29 Jan Osetoporosis
What Is Osteoporosis?
Osteoporosis is a disorder of the bones in which the bones become brittle, weak, and easily damaged or broken.
A decrease in the mineralization and strength of the bones over time causes osteoporosis.
Does Osteoporosis Only Affect the Elderly?
While the effects of osteoporosis are often seen in the elderly, the disorder usually starts progressing from middle age on. Bones are their strongest in a person’s mid-twenties, so it is important to have a good foundation early on to maintain healthy bones late in life.
What Are the Symptoms of Osteoporosis?
Osteoporosis may not cause any apparent symptoms. Patients may not know they have osteoporosis until they break (fracture) a bone.
1. Fractures of the Spine
Vertebral (spinal) compression fractures are broken bones in the back that are due to weak bones caused by osteoporosis. The vertebrae (spinal bone) collapses as a result of even minor injuries related to falling, bending, twisting, or sneezing.
As the bones of the spine lose their mineralization and strength, they can collapse, causing a hunched-over appearance, often referred to as a “dowager hump.”
2. Stress Fracture
Stress fractures occur in bones due to repetitive injuries, usually with minimal trauma.
Patients with osteoporosis are more prone to stress fractures because of the weakness of their bones.
3. Hip Fracture
Patients with osteoporosis are at greater risk for hip fractures. Even a simple fall can cause a hip fracture in a person with osteoporosis. Due to the weakness in the bones these injuries may take a long time or be difficult to fully heal.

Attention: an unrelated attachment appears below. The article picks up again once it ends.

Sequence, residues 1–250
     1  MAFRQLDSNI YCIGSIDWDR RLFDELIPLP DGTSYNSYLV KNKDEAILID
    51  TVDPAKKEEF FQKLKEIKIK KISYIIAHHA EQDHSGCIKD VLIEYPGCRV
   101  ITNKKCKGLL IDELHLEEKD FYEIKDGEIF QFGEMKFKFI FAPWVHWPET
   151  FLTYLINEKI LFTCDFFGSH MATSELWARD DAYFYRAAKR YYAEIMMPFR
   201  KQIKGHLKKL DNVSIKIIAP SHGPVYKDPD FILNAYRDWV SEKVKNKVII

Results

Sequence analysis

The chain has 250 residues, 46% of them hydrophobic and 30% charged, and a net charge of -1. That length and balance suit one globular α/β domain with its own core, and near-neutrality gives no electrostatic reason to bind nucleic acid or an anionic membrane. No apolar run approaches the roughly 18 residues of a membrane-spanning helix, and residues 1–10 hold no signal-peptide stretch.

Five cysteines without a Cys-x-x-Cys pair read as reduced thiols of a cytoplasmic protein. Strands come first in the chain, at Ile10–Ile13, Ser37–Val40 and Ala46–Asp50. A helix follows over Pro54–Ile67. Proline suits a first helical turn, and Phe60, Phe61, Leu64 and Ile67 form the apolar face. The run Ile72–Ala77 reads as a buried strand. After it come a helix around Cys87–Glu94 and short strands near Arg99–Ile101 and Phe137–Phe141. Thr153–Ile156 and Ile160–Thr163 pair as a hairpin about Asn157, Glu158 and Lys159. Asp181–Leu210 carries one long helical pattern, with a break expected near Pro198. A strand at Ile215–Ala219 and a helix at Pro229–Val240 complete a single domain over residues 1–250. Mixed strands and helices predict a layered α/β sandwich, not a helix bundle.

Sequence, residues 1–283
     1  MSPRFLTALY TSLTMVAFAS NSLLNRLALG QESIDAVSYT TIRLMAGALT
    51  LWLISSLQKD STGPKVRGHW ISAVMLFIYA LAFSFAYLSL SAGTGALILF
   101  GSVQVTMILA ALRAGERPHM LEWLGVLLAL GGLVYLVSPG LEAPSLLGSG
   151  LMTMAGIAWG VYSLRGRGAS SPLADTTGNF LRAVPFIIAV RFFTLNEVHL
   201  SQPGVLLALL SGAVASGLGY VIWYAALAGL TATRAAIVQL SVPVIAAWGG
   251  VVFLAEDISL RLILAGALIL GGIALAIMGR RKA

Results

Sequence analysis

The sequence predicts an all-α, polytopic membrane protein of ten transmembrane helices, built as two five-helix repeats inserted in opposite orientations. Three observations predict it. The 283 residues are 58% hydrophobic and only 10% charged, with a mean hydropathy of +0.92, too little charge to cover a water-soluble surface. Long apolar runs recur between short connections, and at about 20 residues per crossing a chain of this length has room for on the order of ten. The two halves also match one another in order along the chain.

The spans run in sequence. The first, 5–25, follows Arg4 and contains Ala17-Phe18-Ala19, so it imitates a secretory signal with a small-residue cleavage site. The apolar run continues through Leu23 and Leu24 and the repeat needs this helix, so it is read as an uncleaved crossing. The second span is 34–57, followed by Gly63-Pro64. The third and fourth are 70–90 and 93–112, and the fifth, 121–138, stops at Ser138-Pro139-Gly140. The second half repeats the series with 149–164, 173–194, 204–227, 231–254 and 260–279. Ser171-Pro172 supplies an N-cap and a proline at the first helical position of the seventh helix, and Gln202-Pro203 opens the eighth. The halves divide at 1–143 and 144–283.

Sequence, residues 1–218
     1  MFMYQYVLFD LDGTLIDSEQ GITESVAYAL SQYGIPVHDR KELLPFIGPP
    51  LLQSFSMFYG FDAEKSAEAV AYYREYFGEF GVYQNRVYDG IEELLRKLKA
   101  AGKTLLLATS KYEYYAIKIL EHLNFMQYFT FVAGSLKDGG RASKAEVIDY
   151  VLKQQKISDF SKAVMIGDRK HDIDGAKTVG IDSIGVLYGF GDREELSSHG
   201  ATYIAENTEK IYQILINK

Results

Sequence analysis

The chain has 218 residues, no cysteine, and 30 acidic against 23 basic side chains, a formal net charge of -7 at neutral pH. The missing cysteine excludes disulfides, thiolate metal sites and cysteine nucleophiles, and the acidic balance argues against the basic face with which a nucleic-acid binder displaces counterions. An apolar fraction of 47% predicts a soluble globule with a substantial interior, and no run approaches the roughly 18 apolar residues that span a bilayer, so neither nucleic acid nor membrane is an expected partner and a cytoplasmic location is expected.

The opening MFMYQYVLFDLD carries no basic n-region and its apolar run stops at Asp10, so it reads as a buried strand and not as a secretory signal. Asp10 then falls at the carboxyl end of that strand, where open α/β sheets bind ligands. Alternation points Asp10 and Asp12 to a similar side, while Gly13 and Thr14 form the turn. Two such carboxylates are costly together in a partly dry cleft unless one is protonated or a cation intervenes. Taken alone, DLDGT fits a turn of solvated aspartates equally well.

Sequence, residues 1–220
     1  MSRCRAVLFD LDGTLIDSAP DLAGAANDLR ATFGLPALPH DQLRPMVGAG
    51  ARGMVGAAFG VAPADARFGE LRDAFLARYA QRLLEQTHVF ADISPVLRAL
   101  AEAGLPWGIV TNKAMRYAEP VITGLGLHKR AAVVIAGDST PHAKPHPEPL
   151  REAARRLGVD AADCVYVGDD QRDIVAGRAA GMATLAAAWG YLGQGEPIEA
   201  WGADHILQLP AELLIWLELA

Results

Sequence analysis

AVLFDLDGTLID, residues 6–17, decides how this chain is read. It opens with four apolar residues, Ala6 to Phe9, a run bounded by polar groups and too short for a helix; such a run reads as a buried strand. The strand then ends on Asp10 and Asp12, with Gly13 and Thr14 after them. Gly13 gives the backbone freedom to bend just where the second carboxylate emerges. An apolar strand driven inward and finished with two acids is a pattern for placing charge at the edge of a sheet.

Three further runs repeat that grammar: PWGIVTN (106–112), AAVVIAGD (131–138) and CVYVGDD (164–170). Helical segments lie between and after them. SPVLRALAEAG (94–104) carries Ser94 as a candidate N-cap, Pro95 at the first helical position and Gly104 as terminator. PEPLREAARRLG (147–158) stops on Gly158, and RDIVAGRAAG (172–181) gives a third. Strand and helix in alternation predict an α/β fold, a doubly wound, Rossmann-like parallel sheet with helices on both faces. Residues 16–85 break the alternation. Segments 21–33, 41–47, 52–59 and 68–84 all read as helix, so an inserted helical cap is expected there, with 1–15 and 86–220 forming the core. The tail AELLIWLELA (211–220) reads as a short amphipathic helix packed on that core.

What Are the Consequences of Osteoporosis?
Fractures related to osteoporosis can result in significant pain and disability. Hip fractures are common among patients with osteoporosis.
Twenty percent of hip fracture patients die within one year following their injury, and one-third will remain in a nursing home for at least a year.
Patients who have one vertebral (spinal) compression fracture are at high risk for developing other such fractures.
What Factors Determine Bone Strength?
Bone strength is related to bone mass (density), which refers to the amount of mineralization remaining in bones as people age. The denser the bones, the stronger they are.
Factors that determine bone strength include:
- Ethnicity (African-Americans have higher bone density than Caucasians or Asians)
- Gender (men have higher bone density than women)
- Aging (bone density reaches its peak around age 25, and decreases after age 35)
Menopause, Estrogen, and Osteoporosis
Women tend to be diagnosed with osteoporosis more often than men because once they reach menopause estrogen levels decrease. Estrogen helps maintain bone density in women.
Post-menopausal women can lose up to 4% of bone mass annually in the first 10 years following menopause.
What Are the Risk Factors for Developing Osteoporosis?
Risk factors for developing osteoporosis that cannot be controlled include:
- Female gender
- Ethnicity – Caucasian or Asian
- Family history
Risk factors for developing osteoporosis that can be controlled include:
- Lack of exercise
- Diets lacking calcium
- Poor nutrition
- Alcohol abuse
Additional risk factors for developing osteoporosis include medical conditions such as:
- Chronically low estrogen levels
- Vitamin D deficiency
- Inability to exercise
- Medications, such as chemotherapy, corticosteroids, or seizure medications
- Loss of menstrual periods (amenorrhea)
- Inability to absorb nutrients properly in the digestive tract
How Is Osteoporosis Diagnosed?
Osteoporosis is often diagnosed on an X-ray when the patient suffers a fracture. However, by the time osteoporosis is visible on X-ray there may be significant bone loss.
A dual energy X-ray absorptiometry (DEXA or DXA) scan can be used as a screening test for osteopenia (bone loss that precedes osteoporosis). This test measures bone density in the hip and spine and is more precise than an X-ray.